A simple review of organizational structures shows that food safety teams report to difference functions across food companies. The question is: What structure provides the best opportunity for success of the food safety team? Additionally, what are the measures of success? From a simplistic point of view, food safety success should be ensuring that food meets regulatory requirements and that every package, every day, is safe for consumption. This statement contains many complexities, including the food safety design of new and existing products, establishing distribution/shelf life parameters, and validated cooking instructions (if required), to name a few.

These food safety parameters are critical in establishing the guidelines for food safety; however, food is made in food plants, and engagement at the plant level is necessary to provide safe food every day. Food safety teams should have an active role and accountability in the day-to-day production of food (Figure 1). If they take a passive role, then they typically get involved in resolving issues instead of preventing them. Another reason for engagement at this level is having the influence to drive program capital improvements. Identifying the structure that sets up the food safety team to drive daily compliance and upgrade existing programs is key. This approach is unique for some companies, but one that should be considered in future organizational designs. This article examines current organizational structures and evaluates the pros and cons of each.

FIGURE 1. Food Safety Teams Should Have an Active Role and Accountability in the Day-to-Day Production of Food (Image: Nuttawan Jayawan/iStock/Getty Images Plus via Getty Images)
Food Safety Teams Should Have an Active Role and Accountability

Considerations for Various Reporting Structures

Before delving into the organizational alignment of food safety teams, it is important to stress that a sound food safety culture must be established for any structure to work. Weak food safety cultures can lead to lack of integrity and trust of the food safety team and other functions overriding key food safety requirements. Companies that have strong food safety cultures have goals that are understood and maintained throughout the organization. One important requirement of the food safety team is that it must establish credible and consistent decision-making. Most food safety decisions are not an easy "yes or no" answer; they are complicated by taking into consideration numerous factors such as the scope of the issue and the established food safety controls in place, for example. To build and maintain credibility, the team must be consistent in its decision-making and establish clear lines that must not be crossed. Loss of credibility will destroy the overall food safety culture of a company and the entire food safety team.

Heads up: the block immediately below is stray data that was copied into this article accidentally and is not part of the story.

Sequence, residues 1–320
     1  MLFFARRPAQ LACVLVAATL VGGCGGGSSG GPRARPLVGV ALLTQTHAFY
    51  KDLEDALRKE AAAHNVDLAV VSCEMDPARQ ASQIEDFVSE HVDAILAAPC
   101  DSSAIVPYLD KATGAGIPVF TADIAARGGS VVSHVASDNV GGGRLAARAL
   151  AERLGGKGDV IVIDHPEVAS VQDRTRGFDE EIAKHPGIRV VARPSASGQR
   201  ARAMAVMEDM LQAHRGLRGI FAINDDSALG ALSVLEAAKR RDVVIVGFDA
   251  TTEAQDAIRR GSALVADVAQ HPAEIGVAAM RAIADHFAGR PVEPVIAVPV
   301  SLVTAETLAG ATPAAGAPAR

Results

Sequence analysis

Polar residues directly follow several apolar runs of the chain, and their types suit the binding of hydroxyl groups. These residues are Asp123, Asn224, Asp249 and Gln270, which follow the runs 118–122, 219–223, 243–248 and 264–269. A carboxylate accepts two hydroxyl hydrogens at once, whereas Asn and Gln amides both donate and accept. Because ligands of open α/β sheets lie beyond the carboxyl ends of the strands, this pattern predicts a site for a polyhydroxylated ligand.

Chief food safety officers have reported to the chairman of the board, the chief executive officer (CEO), the head of research and development (R&D), the chief quality officer, and the head of supply chain. Other reporting structures exist that are not listed in this article; however, the general concepts discussed herein should apply. All of these reporting structures have advantages, disadvantages, and biases that contribute to or detract from their functionality and success. The ultimate question is: Does the specific reporting structure meet the goal of ensuring that all foods are safe for the intended customer?

Reporting to the Board Chairperson

One reason to report the board chairperson or the CEO is to give the perception that the food safety team is independent from all other departments. The assumption is that top executives would support their decisions. This may be the case; however, these leaders add limited value and cannot ask reasonable questions to challenge the food safety leaders and ensure that their decisions are sound. Senior leaders typically agree with the team and do not provide the checks and balances needed to ensure robust outcomes. Food companies with a solid top-to-bottom food safety culture do not need this type of structure because food safety is respected across the organization.